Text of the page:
Where’s Your Story Going?

As I’ve written before in this blog, a pair of magnificent ospreys took up an unlikely residence on the power pole at a key intersection in my town, built a huge stick nest, and then another when the power people took the first one down.

The ospreys set up housekeeping, one bird keeping a vigil over the nest while the other foraged for food.

Something smoldered atop the pole and when the firemen came to remove the nest, they saw eggs, so they insulated the wires instead, and left the birds in peace.

Motorists began stopping, taking pictures. The local newswoman was there with a big, fat camera lens, pursuing the rumor that the babies were flying. But it wasn’t true.

Day after day, those of us who passed through this area took pleasure in their progress. Look, one is flying. Look, a bit of grass in its mouth. Look, the osprey is fishing in the cove nearby.

There was something cheerful about the birds, something encouraging and affirming. If the ospreys can build in this awkward location, raise a family, and perform all the duties of living, strong wings spread in flight, tufted little head lifted to greet the world—so, too, possibly, could any of us.

And then one day, a breaker blew and a serious fire broke out. The baby, just one as it turned out, fluttered to the ground. The parents circled in frantic distress. Power trucks, fire trucks, and raptor rescue arrived within minutes. A fireman cradled the baby in his big, padded gloves. A new pole, a new home, was erected licketedy-split, no one calling the Dig Safe people and sure enough, they hit a line and took out phone service, but they got the job done. The baby was returned to the new nest with a supply of fish and the parents followed not long after.

And now?

The baby has not yet flown, still too young. The parents, one standing vigil, the other in search of sustenance, continue their routine.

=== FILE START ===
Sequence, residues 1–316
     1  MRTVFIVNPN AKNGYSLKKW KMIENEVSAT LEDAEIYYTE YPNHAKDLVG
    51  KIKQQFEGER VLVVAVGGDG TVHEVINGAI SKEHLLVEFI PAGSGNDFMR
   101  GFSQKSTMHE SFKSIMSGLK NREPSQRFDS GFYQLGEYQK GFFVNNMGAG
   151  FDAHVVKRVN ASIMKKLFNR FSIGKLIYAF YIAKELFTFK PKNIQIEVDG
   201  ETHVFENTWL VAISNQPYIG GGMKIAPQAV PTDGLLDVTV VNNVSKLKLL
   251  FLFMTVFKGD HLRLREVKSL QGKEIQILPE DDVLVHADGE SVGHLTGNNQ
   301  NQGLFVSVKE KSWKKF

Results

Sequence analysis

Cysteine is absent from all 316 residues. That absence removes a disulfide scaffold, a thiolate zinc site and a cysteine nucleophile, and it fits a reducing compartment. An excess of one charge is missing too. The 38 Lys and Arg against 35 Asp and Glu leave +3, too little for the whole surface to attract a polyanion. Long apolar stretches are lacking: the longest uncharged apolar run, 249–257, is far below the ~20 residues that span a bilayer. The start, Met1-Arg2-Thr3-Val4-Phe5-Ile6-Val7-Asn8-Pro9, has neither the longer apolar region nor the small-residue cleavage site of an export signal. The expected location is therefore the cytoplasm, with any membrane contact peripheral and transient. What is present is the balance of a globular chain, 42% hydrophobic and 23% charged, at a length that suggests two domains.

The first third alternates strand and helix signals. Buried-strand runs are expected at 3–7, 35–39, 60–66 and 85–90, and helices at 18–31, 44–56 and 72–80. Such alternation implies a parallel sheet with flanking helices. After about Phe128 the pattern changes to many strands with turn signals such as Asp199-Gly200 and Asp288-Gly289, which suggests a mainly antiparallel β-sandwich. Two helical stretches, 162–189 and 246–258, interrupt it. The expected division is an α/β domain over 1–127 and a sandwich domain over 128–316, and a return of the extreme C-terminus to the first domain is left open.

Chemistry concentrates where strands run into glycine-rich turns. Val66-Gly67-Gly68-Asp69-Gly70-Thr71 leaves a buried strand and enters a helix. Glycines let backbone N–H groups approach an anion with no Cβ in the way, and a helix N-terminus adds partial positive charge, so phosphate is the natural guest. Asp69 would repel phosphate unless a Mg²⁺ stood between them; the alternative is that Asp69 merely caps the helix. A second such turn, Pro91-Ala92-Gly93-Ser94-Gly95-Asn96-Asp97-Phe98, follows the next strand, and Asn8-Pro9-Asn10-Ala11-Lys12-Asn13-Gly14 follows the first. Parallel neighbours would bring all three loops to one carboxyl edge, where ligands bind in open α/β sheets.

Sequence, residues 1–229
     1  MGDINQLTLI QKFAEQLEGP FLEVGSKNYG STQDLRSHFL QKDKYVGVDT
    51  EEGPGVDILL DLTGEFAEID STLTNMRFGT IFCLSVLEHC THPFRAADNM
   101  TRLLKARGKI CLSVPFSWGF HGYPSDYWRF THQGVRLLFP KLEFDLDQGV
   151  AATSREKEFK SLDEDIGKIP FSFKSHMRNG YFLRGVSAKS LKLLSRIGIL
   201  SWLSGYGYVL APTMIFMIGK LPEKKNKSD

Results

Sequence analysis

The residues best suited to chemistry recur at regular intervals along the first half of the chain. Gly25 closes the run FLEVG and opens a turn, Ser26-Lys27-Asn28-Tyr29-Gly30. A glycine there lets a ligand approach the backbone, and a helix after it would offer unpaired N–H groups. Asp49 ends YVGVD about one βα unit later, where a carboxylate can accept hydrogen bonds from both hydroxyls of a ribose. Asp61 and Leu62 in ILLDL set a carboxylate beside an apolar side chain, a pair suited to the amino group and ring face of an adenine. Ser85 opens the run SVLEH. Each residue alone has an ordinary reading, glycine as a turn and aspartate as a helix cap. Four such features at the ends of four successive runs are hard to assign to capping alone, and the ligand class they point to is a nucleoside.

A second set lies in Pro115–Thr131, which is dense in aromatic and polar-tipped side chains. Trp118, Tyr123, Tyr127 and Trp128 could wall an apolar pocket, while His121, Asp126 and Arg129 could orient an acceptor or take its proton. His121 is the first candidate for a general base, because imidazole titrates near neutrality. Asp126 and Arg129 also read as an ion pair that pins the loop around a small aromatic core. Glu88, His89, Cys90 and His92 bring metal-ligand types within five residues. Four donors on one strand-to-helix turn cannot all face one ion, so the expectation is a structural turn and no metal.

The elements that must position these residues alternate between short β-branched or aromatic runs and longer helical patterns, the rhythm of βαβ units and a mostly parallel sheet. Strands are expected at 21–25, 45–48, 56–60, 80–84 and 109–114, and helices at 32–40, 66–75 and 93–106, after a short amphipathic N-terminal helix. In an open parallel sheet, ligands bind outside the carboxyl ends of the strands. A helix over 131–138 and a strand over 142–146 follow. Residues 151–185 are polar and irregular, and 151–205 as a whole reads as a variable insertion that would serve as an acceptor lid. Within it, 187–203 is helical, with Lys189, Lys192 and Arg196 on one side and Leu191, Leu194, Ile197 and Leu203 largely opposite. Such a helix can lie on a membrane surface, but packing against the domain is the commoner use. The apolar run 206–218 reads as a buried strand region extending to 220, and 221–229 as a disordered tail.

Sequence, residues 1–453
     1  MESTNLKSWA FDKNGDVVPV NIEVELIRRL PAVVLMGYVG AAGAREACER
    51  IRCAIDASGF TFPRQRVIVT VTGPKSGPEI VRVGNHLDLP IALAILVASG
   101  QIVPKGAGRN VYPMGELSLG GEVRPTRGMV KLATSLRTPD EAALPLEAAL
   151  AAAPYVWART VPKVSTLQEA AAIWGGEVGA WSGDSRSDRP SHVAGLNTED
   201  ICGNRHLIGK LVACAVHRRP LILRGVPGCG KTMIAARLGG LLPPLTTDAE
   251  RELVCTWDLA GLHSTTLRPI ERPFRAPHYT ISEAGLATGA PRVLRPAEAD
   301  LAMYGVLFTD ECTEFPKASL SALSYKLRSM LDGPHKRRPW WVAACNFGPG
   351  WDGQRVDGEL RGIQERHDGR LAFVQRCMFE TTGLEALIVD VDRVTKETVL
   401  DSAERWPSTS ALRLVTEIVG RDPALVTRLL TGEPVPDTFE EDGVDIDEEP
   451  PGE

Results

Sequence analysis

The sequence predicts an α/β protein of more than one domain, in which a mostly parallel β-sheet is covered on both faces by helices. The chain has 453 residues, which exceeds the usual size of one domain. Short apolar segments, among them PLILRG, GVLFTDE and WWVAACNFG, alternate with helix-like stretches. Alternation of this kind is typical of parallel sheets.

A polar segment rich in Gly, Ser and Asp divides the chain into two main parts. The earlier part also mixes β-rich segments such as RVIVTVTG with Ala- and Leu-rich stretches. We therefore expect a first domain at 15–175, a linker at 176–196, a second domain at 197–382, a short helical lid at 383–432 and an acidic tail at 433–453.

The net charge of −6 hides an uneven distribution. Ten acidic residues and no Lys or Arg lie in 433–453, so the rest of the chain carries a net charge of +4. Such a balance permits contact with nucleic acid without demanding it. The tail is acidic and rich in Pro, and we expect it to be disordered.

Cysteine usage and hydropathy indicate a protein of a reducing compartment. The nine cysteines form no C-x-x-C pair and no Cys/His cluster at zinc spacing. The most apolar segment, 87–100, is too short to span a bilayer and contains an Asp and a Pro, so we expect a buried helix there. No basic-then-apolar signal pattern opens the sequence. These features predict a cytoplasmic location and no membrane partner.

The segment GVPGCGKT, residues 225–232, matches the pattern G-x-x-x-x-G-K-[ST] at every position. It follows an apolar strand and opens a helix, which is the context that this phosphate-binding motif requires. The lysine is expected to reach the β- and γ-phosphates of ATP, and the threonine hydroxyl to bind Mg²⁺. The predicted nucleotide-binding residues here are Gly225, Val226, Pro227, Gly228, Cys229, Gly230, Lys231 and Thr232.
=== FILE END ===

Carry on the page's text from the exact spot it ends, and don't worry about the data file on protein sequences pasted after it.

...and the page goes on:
Meanwhile, I came across some lore about these birds from Shakespeare’s time, the idea that the ospreys are such magnificent birds, the fish go belly up in surrender to them. It serves to underscore the point to this story: in the face of something magnificent, something worth preservation—the idea of freedom, let’s call it, the idea of flight, the idea of survival against the odds—everything and everyone must capitulate.

If I know that this is where I’m headed in telling this story, it will determine all that came before: what I choose to tell you and what I leave out.

Comments welcome and edited to include first names only, and website, if provided; never your email. Photo credit: ospreys by Mr. T. in D.C., roap map by Pigsaw.

When You Get it Wrong

We all get it wrong once in a while. For a storyteller, this can present an opportunity.

1. What I thought:

I thought they were nighthawks. All week long, I saw them building a sizable stick nest (and I don’t mean twig) atop the power pole at the intersection of Ferry and Lake roads.  Though I was behind the wheel of a car, I was amazed to be so close to something this large, swooping, and determined. I searched my guidebooks. Surely, hawks of some kind?